There was nothing normal about Terry Rozier’s ESPN tour

There was nothing normal about Terry Rozier’s ESPN tour

So I read the column by’s own Alex Reimer in defense of Terry Rozier yesterday. Of course, the headline, “Terry Rozier’s delusion is perfectly natural” caught my attention first. If this was written satirically I’d understand, but I don’t think that was the case. When I actually read the piece, there was more than one occasion where I found myself making the same face from that overused GIF of some guy blinking in shock.

“Rozier may be airing his grievances in an untoward manner, but his feelings aren’t unnatural. Imagine how would you feel if you performed well at your job one year, only to take a backseat to a total jerk without receiving a chance to usurp him.”

First off, this was never really Rozier’s job. He was filling in for Kyrie Irving. Regardless, whether you lose your job to the nicest person in the world or the biggest dink to walk the planet, you lost your job. It may make it easier to accept in the short-term if it’s the nice guy who won, but give it long enough, you’ll find a way to twist things to make it look like you were the one treated unfairly.

Second, if Rozier really thinks he’s bound for stardom, why was he unable to overcome this situation? What, he didn’t get a chance? That’s how sports work. The best person plays. If you want to take their job, you have to find a way to be better and make your own breaks.

Also, as clichéd as it sounds, isn’t this the type of circumstance under which a star emerges? When everyone around is looking for someone else to be a beacon of hope?

Instead, Rozier fell in line and let Irving bring him down with everyone else while Marcus Morris and Marcus Smart appeared to be the only guys who at least attempted to step forward and do what needed to be done.

The young guys –– Jayson Tatum, Jaylen Brown and Rozier –– deserve blame for not acquiescing to their new roles and appearing to play for their own interests. But it’s silly to hold players on their rookie contracts accountable for the Celtics’ destruction when their leader was complaining about getting videotaped heading into arenas and constantly throwing them under the bus to the press.”

Hold on a sec. We can’t hold players on rookie contracts accountable when they’re expected to play integral roles in the Celtics attempt at banner 18? Maybe they didn’t have the same pull as Irving, but when you do things the right way, people generally find ways to work with that. Either way, young or not, these guys were important pieces on this team — even Rozier to some extent. They wanted it that way. But now we’re just giving them a free pass because Irving wasn’t keen on having a camera stuck in his face?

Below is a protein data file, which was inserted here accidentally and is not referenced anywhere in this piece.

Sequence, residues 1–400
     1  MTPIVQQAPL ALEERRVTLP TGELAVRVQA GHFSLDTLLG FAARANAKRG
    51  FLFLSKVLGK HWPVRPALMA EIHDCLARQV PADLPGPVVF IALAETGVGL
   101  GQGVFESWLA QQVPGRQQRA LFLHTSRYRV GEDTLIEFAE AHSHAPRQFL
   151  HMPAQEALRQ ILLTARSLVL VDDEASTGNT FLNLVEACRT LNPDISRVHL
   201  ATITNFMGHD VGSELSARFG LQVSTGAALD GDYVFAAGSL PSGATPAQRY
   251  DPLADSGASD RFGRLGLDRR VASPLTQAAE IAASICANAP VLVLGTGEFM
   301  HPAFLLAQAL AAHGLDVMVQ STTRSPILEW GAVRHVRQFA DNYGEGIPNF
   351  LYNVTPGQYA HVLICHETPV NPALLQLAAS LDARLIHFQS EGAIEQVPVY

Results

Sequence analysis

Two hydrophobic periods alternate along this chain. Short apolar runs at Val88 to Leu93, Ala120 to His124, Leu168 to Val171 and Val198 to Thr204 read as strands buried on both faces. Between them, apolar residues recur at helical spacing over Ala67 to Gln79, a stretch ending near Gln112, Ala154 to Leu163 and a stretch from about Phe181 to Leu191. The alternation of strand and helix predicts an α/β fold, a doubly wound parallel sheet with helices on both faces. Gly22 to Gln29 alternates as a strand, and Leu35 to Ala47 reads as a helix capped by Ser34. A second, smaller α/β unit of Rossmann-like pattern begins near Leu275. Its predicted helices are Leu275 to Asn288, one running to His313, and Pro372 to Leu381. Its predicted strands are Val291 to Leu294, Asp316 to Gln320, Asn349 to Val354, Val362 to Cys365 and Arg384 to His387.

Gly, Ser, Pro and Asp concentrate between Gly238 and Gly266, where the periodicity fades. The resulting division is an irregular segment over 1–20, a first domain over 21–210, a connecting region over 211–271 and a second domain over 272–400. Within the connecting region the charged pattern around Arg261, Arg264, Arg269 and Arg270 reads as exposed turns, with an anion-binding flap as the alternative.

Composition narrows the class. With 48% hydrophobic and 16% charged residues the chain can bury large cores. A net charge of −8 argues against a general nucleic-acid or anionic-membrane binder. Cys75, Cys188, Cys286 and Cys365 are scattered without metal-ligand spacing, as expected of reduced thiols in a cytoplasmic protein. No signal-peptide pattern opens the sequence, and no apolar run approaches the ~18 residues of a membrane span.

This whole ordeal leads me to believe Rozier could’ve been the ringleader in the anti-Kyrie portion of the locker room. He wasn’t getting his fill, then he tells Brown or someone else they aren’t getting their fair share and we get the product we saw throughout the 2018-19 season. Irving may have started the battle with the young guys, but it’s pretty clear enough wasn’t done to shut down this fiasco.

“Rozier appears to be an immature 25 year old who’s fallen victim to self-pity, and the temptation to publicize his complaints. It means he may have to move on from the Celtics, but it does not make him malevolent.”

Yes, Rozier isn’t malevolent, obviously. He didn’t like someone he worked with because that person was apparently too high-maintenance, or something along those lines. (Welcome to the real world.) But I got the impression here that Alex is chalking this up as, “he’s just a kid who did something dumb off of emotion.” When you go on ESPN and announce to the world you hated your work environment and throw multiple people under the bus, it’s a bit more severe than tweeting something along the lines of, “Peace out, Boston,” right after your last game.

Look, if Irving bounces out of town like everyone seems to think he will, aside from Danny Ainge — who should’ve seen this mess coming by the trade deadline — I would not be opposed to bringing Rozier back. He may have to mend a few fences along the way, but in terms of talent, he brings quite a bit to the table.

But to justify whatever that was he did on Tuesday, I mean, I don’t know how that idea can enter anyone’s mind for more than two seconds.

Full article @ There was nothing normal about Terry Rozier’s ESPN tour

Source: GreenStreet Blog

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